Editor’s note: Food Safety crusader David M. Theno died Monday, June 19, 2017, when he was hit by a large wave while swimming with his grandson. Bill Marler, who worked with Theno to raise food safety awareness for more than 25 years, posted these thoughts after receiving the news about the death of his comrade in arms.
Why I Loved Dave Theno
In 2013, I wrote a piece on my blog about “Why I Love my Job.” It’s ironic how much of my job and my life over the past 25 years has been intertwined with Dave Theno. I will miss the occasions we shared a good meal — Dave with his rare steak and me with mine well-done — always with a very good bottle of wine. We will all miss his humanity and leadership.
Excerpt from July 25, 2013, Marler Blog: … In a not-so-often quite moment, I thought about the beginning of what became both my passion and my job. Honestly, it has had very little to do with being a lawyer.
I had just turned 35-years-old and was only five years out of law school, I was a young lawyer in a job that seemed quite dead-end, and then my world changed.
Lauren Beth Rudolph died on Dec. 28, 1992, in her mother’s arms due to complications of an E. coli O157:H7 infection — Hemolytic Uremic Syndrome — also know as acute kidney failure. She was only 6 years, 10 months, and 10 days old when she died. The autopsy described her perforated bowel as being the consistency of “jelly.”
Her death, the deaths of three other children, and the sicknesses of 600 others, were eventually linked to E. coli O157:H7 tainted hamburger produced by Von’s and served undercooked at Jack in the Box restaurants on the West Coast during late 1992 and January 1993. I pushed myself to the front of the pack of lawyers. Roni Rudolph, Lauren’s mom, I have known for nearly 20 years.
Dave Theno became head of Jack in the Box’s food safety shortly after the 1992-1993 outbreak. I have known Dave, too, for 20 years, mostly because I spent several days deposing — he would say grilling/torturing — him over the course of the multi-year, multi-state litigation. However, a decade after spending such quality time — for me anyway — with him, I only recently learned a significant fact about Dave; one that made me admire him even more. It’s something that I think all leaders in corporate food safety, or any position of authority, should emulate.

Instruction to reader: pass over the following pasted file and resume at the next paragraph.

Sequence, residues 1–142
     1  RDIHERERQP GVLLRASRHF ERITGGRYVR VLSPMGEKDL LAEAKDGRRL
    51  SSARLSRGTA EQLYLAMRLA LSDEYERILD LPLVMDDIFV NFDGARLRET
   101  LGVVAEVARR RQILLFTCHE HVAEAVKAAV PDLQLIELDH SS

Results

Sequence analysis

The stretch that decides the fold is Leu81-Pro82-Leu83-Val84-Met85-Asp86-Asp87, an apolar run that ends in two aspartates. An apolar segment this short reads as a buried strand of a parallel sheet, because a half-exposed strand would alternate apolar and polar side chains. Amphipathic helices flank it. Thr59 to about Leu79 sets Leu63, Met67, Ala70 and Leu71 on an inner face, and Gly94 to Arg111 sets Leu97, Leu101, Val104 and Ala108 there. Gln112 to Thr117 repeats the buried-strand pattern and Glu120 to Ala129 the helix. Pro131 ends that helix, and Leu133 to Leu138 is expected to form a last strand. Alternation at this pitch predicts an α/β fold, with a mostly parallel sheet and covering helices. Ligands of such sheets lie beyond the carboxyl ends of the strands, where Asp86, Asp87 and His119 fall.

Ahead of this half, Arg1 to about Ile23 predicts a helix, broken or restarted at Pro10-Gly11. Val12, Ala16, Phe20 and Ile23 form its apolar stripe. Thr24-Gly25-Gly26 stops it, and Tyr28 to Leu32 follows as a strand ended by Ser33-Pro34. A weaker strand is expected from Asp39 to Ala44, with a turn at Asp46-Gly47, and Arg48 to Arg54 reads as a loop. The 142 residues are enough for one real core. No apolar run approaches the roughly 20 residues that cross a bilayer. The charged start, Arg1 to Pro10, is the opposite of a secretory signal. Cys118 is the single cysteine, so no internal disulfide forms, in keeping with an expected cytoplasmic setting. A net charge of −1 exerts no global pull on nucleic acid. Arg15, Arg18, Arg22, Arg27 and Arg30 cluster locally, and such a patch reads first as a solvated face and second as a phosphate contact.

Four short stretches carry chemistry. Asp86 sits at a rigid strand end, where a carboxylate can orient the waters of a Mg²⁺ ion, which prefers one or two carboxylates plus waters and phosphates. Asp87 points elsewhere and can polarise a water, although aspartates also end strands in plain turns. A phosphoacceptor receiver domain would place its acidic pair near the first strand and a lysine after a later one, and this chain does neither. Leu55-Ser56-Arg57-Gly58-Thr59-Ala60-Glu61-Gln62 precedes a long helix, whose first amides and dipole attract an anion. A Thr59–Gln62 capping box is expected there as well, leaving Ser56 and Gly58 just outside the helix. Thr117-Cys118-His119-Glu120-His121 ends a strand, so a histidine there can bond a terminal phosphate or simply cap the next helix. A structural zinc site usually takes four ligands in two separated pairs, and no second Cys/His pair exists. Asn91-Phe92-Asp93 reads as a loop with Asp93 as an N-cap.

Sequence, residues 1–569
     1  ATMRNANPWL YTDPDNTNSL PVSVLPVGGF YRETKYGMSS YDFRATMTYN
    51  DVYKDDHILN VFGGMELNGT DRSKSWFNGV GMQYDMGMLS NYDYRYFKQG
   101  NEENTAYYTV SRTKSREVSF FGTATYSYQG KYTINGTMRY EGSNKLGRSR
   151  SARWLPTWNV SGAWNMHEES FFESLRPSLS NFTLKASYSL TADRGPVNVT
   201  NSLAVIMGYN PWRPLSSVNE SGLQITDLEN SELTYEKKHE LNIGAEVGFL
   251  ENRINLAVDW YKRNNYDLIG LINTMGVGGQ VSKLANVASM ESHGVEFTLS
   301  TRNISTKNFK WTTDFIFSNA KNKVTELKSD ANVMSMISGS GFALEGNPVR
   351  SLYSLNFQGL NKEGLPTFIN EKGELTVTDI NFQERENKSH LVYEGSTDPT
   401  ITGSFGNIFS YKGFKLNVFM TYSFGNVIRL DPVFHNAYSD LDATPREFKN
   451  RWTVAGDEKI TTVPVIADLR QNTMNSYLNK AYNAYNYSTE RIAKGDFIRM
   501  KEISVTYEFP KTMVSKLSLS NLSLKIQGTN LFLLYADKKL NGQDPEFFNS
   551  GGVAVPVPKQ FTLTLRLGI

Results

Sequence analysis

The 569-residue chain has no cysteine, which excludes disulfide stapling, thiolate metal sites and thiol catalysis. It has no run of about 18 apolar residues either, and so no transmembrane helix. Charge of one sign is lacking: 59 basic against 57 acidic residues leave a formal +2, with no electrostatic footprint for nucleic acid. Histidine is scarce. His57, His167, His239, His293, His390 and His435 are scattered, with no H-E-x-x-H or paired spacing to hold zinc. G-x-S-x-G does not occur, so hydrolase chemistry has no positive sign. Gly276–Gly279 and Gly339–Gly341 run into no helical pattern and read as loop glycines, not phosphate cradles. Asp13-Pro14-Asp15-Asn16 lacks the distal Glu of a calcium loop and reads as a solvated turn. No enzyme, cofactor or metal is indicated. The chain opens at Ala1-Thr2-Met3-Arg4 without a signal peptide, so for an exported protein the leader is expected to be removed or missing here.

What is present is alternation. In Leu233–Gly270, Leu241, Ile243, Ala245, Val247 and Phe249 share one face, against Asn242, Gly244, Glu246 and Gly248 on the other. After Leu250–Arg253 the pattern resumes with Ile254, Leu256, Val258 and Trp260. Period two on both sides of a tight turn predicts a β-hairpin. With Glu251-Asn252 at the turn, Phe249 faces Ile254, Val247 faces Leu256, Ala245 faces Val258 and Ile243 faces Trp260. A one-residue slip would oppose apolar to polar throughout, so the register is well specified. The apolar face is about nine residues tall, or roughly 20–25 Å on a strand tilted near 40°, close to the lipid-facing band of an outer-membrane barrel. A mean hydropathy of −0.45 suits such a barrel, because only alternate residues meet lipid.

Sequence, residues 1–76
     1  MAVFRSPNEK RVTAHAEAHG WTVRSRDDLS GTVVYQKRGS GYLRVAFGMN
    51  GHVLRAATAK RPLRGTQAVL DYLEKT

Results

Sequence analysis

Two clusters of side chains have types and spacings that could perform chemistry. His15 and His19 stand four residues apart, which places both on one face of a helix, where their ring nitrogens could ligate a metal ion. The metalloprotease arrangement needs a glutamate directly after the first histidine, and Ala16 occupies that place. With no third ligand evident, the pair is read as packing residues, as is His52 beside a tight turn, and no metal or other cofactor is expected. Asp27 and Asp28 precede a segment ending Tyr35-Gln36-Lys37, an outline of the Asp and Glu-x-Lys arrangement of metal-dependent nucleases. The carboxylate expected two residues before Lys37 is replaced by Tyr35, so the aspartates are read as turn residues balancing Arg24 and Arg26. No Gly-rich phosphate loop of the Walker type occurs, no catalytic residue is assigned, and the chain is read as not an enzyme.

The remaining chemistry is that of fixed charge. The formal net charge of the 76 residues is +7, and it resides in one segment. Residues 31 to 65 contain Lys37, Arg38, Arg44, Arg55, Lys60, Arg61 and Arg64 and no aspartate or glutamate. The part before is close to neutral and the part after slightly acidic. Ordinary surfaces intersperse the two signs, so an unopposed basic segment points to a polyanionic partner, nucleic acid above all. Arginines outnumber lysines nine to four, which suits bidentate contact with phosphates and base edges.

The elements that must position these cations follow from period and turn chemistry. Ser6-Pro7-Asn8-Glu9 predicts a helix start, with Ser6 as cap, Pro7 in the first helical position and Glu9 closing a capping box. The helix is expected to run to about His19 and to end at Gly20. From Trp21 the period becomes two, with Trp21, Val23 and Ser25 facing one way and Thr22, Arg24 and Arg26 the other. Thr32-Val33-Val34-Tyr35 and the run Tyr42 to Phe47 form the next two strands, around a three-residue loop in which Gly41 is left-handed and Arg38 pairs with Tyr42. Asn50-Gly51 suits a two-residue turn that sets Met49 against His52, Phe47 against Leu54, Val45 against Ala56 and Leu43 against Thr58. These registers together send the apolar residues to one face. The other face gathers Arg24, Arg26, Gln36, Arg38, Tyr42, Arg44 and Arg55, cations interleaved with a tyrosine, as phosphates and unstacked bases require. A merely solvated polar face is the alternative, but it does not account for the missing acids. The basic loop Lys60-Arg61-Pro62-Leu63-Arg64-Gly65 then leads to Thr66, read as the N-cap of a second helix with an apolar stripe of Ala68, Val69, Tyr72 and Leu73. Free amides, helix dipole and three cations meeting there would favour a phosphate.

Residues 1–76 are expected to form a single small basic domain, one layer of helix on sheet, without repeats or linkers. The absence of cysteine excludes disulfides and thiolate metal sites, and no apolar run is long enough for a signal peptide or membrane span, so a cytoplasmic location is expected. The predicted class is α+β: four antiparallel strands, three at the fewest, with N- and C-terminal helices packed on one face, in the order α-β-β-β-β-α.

Last year Dave and I shared the stage at the Nation Meat Association (NMA) annual “Meating” in Tampa as an odd pair of keynote speakers. The NMA is an association representing meat processors, suppliers, and exporters. Dave, spoke just before I did and was rightly lauded as someone who takes food safety to heart. However, it was his story about Lauren Rudolph and his relationship with her mom Roni that struck me in a physical way.
Dave told the quiet audience about Lauren’s death. He, too, knew the same autopsy report. Dave told the audience that the death of Lauren and his friendship with Roni had changed him also in a physical way. He told us all that he had carried a picture of Lauren in his briefcase everyday since he had taken the job at Jack in the Box. He told us that every time he needed to make a food safety decision — who to pick as a supplier, what certain specifications should be — he took out Lauren’s picture and asked, “What would Lauren want me to do?”
I thought how powerful that image was. The thought of a senior executive of any corporation holding the picture of a dead child seeking guidance to avoid the next possible illness or death is stunning, but completely appropriate.
I hugged Dave and we promised to get together again — sometime, someday.
Shortly after leaving Tampa, I spent time with a family in South Carolina whose 4-year-old girl ate cookie dough tainted with E. coli O157:H7 and suffered months of hospitalizations, weeks of dialysis and seizures. She faces a lifetime of complications despite oversight by the Food and Drug Administration of the food she consumed.